Young-Williams Animal Center has reached critical capacity for adult dogs and needs immediate adopters or fosters because the shelter is running out of space for the intake of additional lost, surrendered and stray animals.
“We are at capacity for adult dogs, and we really need our community’s assistance right now to get dogs out of the shelter and into homes,” says Janet Testerman, CEO of Young-Williams Animal Center. “Adult dogs make wonderful pets, and if you can’t adopt we would be grateful to have your temporary help as a foster.”
Adult dogs can make ideal companions because in many cases they already are housebroken and used to living with people. For various reasons, adult dogs can become homeless because of being left behind in a family move or being allowed to roam.
Adoptable dogs are available for as low as $40. Every dog receives a veterinary exam, spay/neuter surgery, some standard vaccinations, a microchip with registration and more. All adopters also will be screened by shelter staff.
Fosters are needed to care for animals in their home – all food and supplies are provided – to open up space for new arrivals. Volunteers also are needed to help care for the increased number of animals at the shelter.
If anyone has lost a pet, please visit Young-Williams Animal Center in person at 3201 Division St., to look in the lost-and-found section to see if the pet is at the shelter. Reclaimed pets also will open space for additional intake.
Both the Young-Williams Animal Center main shelter and Young-Williams Animal Village at 6400 Kingston Pike are open daily from 10 a.m.-6 p.m. and closed for one hour from 1-2 p.m. for animal quiet time. Pet adoption is available at both facilities; owners looking for lost pets should visit the Division Street location only.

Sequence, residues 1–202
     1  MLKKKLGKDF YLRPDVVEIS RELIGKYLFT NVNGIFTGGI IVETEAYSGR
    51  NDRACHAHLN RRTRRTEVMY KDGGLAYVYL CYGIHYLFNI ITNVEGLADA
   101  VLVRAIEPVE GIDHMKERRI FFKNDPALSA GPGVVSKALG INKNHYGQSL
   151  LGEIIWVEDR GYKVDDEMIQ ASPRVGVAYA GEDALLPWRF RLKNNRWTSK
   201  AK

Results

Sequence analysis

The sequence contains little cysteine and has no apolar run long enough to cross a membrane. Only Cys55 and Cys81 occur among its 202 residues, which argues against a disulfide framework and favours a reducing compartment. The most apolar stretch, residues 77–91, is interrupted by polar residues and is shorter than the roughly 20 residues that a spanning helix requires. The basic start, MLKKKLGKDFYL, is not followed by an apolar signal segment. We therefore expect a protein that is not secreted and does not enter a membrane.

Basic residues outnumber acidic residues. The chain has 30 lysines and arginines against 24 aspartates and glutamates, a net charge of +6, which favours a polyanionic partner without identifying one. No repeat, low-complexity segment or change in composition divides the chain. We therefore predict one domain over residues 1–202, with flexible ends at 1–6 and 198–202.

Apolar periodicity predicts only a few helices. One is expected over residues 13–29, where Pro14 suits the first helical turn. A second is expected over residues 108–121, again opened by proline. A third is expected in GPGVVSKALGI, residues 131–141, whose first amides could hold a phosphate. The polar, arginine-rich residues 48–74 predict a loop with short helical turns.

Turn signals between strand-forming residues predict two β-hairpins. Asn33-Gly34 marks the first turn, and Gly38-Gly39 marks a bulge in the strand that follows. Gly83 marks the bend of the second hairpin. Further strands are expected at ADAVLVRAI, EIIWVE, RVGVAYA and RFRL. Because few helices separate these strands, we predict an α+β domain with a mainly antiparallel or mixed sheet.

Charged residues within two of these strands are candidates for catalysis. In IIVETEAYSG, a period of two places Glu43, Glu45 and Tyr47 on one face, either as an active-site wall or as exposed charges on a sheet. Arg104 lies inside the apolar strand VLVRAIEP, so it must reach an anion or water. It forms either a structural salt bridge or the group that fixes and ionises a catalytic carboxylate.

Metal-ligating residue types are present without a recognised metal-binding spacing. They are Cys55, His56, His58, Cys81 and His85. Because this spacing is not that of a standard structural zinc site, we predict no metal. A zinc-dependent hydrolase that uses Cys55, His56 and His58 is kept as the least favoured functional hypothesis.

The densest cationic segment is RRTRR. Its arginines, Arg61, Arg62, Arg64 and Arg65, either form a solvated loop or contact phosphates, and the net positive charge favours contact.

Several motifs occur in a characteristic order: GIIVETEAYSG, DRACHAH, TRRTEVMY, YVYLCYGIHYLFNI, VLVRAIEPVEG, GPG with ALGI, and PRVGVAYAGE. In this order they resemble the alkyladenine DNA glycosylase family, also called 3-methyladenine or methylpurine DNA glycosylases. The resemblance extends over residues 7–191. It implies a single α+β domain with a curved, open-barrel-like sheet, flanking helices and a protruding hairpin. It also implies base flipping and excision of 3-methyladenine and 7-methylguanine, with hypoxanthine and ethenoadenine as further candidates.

About Young-Williams Animal Center
The vision of Young-Williams Animal Center is “a home for every pet.” It is the municipal shelter of the City of Knoxville and Knox County, and each year takes in more than 9,000 animals.
As a 501(c)(3) nonprofit organization, Young-Williams Animal Center serves the needs of lost, unwanted, abandoned and neglected animals. The center’s mission is to lead the community to end pet homelessness, promote animal welfare and enhance the human-animal bond through the shelter and placement of animals, spay/neuter initiatives and public education of companion animal issues. Young-Williams Animal Center reminds pet owners to spay and neuter their pets.
Young-Williams Animal Center’s main facility is located off Sutherland Avenue at 3201 Division Street. Young-Williams Animal Village satellite adoption location and public spay/neuter program is located at 6400 Kingston Pike.
Both locations are open seven days a week from 10 a.m.-6 p.m. The shelter closes from 1-2 p.m. for an hour of quiet time for the animals. For more information about Young-Williams Animal Center, call 865-215-6599 or visit https://www.young-williams.org/.